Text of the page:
Going paperless

According to the New York Times article “Pushing Paper Out the Door,” a paperless future is coming quicker than a lot of us may think. From online bill paying to ticketless airline travel, paper is no longer needed for day-to-day activities.

“Paper is no longer the master copy; the digital version is,” says Brewster Kahle, the founder and director of the Internet Archive, a nonprofit digital library. “Paper has been dealt a complete deathblow. When was the last time you saw a telephone book?”

Hmm, the last time I saw a telephone book, it was left on my front porch in a plastic bag by the good folks at Verizon. I never used it, and it quickly found its way to the recycling bin. The article goes on to highlight an Unclutterer fave, the Fujitsu ScanSnap, which was highlighted in Erin’s Paper Clutter Begone series.

…at home, where printers are slow, noisy and devour expensive ink cartridges, people are more cautious about hitting the “print” button. What little paper comes into the home — receipts, bills, invitations — can be scanned and then shredded. Filing cabinets can be emptied, the data kept, the paper gone.

The article also goes on to offer ways to get rid of those shoeboxes of photos that all of us have taking up space in back of our closets. Scanning services are an option, but you can tackle this at home with a garbage bag and a scanner.

For more on getting paper clutter under control take a look at Erin’s Paper Clutter Begone series:

  • Part 1 – Fujitsu ScanSnap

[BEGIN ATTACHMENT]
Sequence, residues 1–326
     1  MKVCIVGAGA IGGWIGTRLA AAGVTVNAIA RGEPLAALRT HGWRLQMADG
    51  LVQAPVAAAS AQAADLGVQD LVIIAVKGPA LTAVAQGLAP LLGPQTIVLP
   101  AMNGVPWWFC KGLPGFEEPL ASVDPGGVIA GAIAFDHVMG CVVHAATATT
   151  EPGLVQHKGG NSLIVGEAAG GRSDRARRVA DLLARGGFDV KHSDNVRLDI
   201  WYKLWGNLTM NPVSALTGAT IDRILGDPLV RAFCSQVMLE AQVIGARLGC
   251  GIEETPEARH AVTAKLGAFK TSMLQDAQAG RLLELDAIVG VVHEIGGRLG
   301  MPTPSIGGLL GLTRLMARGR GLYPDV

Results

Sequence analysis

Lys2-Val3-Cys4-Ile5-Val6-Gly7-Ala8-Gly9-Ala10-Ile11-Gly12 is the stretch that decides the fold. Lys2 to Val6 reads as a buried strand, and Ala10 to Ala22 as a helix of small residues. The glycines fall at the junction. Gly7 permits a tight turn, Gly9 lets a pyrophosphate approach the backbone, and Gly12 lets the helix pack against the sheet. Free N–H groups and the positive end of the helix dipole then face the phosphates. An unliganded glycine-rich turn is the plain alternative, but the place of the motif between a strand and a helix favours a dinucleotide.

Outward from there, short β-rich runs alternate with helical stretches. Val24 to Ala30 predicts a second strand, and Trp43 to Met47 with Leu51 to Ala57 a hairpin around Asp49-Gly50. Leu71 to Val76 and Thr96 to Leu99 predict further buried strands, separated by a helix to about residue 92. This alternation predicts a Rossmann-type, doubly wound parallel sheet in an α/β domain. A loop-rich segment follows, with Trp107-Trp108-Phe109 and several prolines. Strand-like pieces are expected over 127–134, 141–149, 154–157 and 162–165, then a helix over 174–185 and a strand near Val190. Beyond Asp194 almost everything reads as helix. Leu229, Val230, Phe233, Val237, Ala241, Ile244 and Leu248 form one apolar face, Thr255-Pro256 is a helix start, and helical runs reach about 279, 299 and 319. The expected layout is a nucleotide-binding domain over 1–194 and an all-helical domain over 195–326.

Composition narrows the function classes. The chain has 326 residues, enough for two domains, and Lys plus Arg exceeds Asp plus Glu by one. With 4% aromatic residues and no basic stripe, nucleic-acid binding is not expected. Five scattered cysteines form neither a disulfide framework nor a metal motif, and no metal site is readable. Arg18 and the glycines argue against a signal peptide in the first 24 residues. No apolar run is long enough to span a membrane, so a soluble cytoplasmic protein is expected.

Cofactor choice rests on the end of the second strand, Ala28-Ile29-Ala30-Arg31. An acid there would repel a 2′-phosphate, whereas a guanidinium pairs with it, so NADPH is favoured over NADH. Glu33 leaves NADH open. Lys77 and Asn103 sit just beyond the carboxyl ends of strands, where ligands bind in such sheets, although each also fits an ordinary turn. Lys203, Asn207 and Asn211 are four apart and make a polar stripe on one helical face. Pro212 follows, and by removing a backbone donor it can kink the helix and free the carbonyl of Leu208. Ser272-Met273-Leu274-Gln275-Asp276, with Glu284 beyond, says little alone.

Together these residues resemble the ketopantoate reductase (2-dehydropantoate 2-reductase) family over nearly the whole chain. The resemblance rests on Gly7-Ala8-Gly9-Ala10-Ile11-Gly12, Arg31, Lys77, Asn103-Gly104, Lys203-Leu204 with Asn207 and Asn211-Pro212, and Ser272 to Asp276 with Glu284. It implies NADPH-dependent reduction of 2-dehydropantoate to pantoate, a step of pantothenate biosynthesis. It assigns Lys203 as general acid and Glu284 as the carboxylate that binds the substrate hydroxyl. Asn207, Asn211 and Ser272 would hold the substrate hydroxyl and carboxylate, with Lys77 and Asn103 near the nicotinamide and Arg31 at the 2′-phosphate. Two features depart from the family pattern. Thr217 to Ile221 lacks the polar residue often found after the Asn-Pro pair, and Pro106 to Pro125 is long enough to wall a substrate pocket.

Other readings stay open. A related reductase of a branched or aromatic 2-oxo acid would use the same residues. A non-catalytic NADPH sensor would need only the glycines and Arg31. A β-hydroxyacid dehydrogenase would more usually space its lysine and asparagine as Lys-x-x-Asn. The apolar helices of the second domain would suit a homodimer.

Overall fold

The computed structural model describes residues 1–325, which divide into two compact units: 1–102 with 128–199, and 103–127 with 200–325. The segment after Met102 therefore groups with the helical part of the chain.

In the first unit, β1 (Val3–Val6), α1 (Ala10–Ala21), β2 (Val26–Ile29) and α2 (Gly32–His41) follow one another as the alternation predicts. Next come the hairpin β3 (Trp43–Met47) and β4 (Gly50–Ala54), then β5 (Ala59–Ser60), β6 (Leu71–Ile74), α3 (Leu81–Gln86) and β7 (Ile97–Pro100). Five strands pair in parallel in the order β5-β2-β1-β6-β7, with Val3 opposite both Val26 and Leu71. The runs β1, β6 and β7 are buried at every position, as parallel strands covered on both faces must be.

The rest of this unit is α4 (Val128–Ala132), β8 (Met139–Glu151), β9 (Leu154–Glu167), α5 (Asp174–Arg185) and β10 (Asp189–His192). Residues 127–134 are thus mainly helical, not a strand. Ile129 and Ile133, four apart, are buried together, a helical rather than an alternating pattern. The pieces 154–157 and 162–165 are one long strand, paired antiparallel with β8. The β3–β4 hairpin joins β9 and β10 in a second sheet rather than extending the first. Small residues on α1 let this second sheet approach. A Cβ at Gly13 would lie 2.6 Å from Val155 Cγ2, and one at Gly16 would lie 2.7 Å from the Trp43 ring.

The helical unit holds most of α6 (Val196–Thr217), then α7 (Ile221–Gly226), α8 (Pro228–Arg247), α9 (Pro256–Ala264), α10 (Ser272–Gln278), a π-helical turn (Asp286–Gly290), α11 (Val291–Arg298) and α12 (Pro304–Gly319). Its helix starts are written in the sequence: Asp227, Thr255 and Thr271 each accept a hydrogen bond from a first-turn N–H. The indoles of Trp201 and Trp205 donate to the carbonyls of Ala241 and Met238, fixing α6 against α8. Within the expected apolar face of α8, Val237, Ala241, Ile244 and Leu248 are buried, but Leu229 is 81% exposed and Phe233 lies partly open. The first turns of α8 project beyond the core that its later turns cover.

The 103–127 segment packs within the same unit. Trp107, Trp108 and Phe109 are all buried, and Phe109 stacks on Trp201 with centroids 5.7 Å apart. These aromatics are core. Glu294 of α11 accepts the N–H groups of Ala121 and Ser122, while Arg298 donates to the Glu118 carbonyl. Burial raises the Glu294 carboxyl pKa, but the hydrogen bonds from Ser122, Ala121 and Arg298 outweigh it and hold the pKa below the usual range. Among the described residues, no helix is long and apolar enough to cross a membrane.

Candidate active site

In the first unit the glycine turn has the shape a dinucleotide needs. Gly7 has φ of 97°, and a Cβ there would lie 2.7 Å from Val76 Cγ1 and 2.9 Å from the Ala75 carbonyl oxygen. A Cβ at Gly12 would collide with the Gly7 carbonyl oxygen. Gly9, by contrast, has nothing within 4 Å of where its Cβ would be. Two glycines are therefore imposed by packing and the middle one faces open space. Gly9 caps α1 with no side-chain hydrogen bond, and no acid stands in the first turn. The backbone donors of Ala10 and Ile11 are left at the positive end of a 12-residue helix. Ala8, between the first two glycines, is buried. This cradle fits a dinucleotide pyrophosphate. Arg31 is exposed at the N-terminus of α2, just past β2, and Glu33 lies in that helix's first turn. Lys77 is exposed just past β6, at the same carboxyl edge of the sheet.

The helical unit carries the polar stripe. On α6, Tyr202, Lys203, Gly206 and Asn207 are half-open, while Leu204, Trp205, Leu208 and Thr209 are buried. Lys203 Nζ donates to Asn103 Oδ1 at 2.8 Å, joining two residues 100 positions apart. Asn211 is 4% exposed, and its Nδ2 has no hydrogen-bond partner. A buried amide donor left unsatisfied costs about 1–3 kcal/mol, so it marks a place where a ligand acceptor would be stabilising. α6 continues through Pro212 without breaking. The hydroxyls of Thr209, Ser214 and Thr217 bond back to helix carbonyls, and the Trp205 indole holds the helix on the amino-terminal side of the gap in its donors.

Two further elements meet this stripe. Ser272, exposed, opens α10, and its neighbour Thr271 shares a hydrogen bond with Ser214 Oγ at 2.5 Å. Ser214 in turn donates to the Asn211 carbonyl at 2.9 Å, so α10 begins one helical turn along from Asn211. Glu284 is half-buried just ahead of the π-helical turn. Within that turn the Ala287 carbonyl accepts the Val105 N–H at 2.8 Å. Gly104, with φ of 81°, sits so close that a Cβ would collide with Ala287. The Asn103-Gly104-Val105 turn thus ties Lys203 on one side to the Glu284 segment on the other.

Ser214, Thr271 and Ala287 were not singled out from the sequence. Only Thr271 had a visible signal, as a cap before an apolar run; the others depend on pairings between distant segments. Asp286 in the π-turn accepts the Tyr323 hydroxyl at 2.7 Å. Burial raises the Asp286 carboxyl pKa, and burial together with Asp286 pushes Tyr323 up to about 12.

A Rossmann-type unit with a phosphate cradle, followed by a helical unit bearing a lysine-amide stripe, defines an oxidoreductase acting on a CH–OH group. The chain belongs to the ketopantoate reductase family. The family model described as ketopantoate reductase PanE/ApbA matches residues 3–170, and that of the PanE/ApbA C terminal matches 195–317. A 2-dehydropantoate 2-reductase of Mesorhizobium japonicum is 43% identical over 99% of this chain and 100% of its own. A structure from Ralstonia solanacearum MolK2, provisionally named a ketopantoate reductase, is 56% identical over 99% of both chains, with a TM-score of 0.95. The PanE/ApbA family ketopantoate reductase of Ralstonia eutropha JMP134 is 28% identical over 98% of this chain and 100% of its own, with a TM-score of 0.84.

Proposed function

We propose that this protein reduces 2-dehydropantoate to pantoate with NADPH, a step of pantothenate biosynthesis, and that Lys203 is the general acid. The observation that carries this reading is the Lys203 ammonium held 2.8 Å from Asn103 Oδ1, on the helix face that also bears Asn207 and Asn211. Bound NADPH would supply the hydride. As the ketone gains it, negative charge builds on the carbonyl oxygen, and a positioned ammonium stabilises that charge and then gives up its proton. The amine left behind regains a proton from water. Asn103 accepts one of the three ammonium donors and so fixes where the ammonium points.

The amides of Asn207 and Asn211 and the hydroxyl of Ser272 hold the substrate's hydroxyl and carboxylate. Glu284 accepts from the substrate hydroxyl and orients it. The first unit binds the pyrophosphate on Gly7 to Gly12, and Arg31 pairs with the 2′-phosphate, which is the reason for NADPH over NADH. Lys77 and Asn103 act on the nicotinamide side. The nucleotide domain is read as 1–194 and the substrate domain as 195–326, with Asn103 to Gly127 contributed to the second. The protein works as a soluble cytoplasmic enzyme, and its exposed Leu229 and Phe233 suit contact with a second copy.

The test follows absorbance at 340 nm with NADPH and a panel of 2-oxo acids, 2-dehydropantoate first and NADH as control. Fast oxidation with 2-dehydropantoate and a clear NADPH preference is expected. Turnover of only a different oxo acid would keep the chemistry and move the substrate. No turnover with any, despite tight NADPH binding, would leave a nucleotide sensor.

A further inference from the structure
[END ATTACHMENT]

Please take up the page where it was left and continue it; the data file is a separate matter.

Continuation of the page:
• Part 2 – Filing system software
  • Part 3 – Filing systems for your file cabinet
  • Part 4 – Shredders

23 Comments for “Going paperless”

  1. posted by angorian on

    Getting rid of “originals” is a very dangerous game. What about warranties that require original receipts? What happens when that computer crashes and you lose all your data?? Unless people get much more serious about backups, this is a Very Bad Idea ™. And even that can be dangerous as CDs/DVDs degrade much faster than paper and computer technology becomes obsolete a lot faster.

  2. posted by Avlor on

    I actually love the idea. I do keep a few papers like receipts for big ticket items. But I’m doing what I can to go as paperless as possible. I’m a big believer in backups and backup everything important in at least 2 ways, one of which is off site. I don’t do the CD/DVD thing – I feel its too easy to loose data with small children that are hard on DVDs (hey it looks like a frisbee – let play!). I’m also a believer in encryption of important data in this day and age where identity theft is so common.

  3. posted by Erin Doland on

    @angorian — If you read the whole of the paper begone series, you’ll see that we don’t recommend getting rid of every piece of paper. Plus, in the second post of our fireproof safe series, we talk about off-site storage options for digital backup.

  4. posted by zephyr sloan on

    going paperless is something that we all will have to get accustomed to whether we like it or not. nowadays every transaction, important or not, is taking place over the internet these days. paper shredders have also eased the process of going paperless.

  5. posted by Rashid on

    Did anyone read the article on the electricity use for all this electronic data we are storing?